The Corduroy Comeback

Despite its nerdy, librarian-chic connotations, corduroy is a fabric that has an enduring capacity for cool. For every buttoned-up Wes Anderson star there’s an insouciant Jane Birkin. This autumn, both geeky and relaxed versions of the cut-pile fabric appeared on the catwalk at Prada , Lemaire and Marc Jacobs , leaving me incredibly pleased with the mint-condition, second-hand Margaret Howell corduroy blazerRead more

Street Style Forever at London Fashion Week

Showing women of all ages doing their own thing is what I want to do more of on That’s Not My Age. And with this in mind I popped along to London Fashion Week, over the weekend. Walking past a group of street style photographers desperately taking pictures of a badly dressed teenager by aRead more

Know Your Style: the launch party

There are so many lovely photos of friends, colleagues and That’s Not My Age followers, I’m going to run this over a couple of posts. The Know Your Style London launch party was a blast. And it was brilliant to spend time with such a gorgeous group of friendly, talented, like-minded people. In the spirit of the bookRead more

Loving Diane von Furstenberg’s leopard print

Wenda Parkinson in a leopard print coat and cloche hat, American Vogue 1949. Keith Richards in a women’s leopard print jacket, striped t-shirt and bow tie, after a gig in 1974. Giovanna Battaglia Englebert in a Diane von Furstenberg leopard print wrap dress , New York Fashion Week 2017. These are my top three leopard-loving moments. Last year, Jonathan Saunders was hired by Diane von FurstenbergRead more

Welcome back, Katharine Hamnett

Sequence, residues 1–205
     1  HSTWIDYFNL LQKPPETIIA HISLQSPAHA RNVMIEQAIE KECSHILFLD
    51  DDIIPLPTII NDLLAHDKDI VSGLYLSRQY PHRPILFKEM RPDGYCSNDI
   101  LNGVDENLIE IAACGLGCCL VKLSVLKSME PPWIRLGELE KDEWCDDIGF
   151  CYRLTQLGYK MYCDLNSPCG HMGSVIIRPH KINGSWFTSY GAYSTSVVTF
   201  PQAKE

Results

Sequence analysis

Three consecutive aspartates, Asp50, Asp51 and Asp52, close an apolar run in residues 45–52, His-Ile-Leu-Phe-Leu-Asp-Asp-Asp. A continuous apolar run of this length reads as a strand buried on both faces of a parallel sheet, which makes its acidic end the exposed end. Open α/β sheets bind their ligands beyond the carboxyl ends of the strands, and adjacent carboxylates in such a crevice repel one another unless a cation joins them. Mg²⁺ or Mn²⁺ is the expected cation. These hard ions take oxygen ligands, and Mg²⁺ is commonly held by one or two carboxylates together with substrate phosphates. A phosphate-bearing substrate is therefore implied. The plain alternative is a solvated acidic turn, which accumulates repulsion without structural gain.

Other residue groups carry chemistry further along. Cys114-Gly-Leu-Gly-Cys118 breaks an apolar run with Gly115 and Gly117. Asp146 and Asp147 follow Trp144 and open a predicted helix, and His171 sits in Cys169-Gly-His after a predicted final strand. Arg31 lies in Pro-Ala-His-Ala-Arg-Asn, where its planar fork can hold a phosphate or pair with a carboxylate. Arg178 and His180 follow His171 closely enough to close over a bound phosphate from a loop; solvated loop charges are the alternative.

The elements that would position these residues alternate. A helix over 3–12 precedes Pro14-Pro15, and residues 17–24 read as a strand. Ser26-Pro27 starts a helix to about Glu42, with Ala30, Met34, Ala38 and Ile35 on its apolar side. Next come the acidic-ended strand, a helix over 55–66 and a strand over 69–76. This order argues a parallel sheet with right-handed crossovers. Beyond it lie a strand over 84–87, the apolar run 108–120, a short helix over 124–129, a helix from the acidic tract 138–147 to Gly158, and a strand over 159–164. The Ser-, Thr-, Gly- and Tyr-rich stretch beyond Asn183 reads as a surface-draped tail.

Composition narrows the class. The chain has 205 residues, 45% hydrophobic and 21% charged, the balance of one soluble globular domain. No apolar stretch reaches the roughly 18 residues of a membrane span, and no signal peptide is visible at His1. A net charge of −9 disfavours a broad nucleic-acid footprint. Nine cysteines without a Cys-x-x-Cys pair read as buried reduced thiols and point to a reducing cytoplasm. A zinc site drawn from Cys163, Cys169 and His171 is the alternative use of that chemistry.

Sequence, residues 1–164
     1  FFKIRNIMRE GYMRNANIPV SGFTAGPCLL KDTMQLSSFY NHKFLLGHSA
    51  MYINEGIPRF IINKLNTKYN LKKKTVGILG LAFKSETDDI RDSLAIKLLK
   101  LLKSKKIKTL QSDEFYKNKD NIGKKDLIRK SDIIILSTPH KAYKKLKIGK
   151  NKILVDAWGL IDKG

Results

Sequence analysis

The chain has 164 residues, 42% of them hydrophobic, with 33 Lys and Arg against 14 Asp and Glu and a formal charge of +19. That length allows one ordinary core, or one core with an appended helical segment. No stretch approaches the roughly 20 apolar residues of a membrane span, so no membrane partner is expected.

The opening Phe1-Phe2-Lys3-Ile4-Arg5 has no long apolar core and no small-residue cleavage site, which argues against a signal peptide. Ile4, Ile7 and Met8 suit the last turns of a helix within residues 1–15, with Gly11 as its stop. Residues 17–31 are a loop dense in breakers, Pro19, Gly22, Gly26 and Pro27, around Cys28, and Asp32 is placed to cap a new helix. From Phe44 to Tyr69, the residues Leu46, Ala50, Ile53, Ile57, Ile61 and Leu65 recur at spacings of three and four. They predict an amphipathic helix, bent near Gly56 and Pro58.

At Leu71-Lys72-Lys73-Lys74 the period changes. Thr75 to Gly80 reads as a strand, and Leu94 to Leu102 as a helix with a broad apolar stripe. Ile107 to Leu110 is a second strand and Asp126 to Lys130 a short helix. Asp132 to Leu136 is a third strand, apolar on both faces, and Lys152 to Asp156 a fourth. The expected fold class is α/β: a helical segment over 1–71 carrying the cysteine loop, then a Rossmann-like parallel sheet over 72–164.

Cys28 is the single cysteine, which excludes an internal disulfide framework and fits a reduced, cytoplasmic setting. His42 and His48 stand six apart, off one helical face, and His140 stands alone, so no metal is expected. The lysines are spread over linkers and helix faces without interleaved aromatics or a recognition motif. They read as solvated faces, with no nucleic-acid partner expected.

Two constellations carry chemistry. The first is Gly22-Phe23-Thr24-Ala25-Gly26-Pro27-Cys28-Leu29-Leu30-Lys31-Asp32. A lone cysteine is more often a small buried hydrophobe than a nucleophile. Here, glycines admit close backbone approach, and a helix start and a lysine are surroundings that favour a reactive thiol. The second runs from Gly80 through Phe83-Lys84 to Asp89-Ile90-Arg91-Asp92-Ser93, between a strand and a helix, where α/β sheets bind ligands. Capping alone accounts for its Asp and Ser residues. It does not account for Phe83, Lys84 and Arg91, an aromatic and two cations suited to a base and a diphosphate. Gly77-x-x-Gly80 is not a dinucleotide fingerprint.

One of my favourite designers from the 1980s, Katharine Hamnett, is back and the timing couldn’t be any more apt. All protest t-shirts and parachute silks, the political, social and environmental activist championed sustainable fashion when it really was unheard of and famously wore a ‘58% don’t want Pershing’ slogan t-shirt to meet Margaret Thatcher, in 1984 . Today’s unpredictableRead more

The not-too-flouncy floral shirt

I thought I wasn’t a print person, but obviously I am. Maybe it’s some kind of Decorative Denial (?) But this summer, I’m not exactly saying pah to pattern. The easiest way to take the frou-frou out of floral prints is to mix things up; juxtapose everyday Gentlewoman Style with hints of 1970s Keith Richards (or Morrissey when we still liked him). This penchant for bohemian hippy/punk garb – a leopard print coat here, a skinny scarf there –  is part of my DNA, it was hardwired to my teenage soul and, like a vinyl record on repeat, is something I always come back to…

Pleats Please Me (at last)

  Sometimes an item of clothing has strong associations: Don’t Look Now might have put you off red coats forever, one waft of a nemesis’ signature perfume can make you shiver. For me, Issey Miyake Pleats Please has powerful links to my fashion editor days (in the 1990s power dressing involved Pleats not shoulder pads). Let’s just say The Devil WearsRead more

Celebrating women of all ages: Lulu Frost

  Lisa Salzer-Wiles the designer and founder of Lulu Frost jewellery gets it. I know this because as well as creating this beautiful campaign championing strong women of all ages, she’s one of the designers I interviewed for my new book Know Your Style (further details HERE ) I thoroughly enjoyed chatting to New York-based Lisa over the phone;Read more

The not-too-dressed-up-dress

On a short work trip to Stockholm for a few days, I have these three items with me: the maxi dress from  People Tree’s V&A collection  (now with added breakfast down the front), white leather trainers to take the edge off and a mini cross-body bag  from LK Bennett . Perfect for fitting a phone, purse, cards and passport in. But not the travel plugRead more

The V&A collection for People Tree

Maybe it’s because I’m a northerner that I find the V&A’s vintage prints appealing. Originally produced by the Calico Printer’s Association in Manchester, the People Tree’s V&A collection  uses 1930s prints from the museum’s archive. Manchester was home to the textile industry and centre of cotton trade in the 19th century. And where I studied for my degree (not in the 19thRead more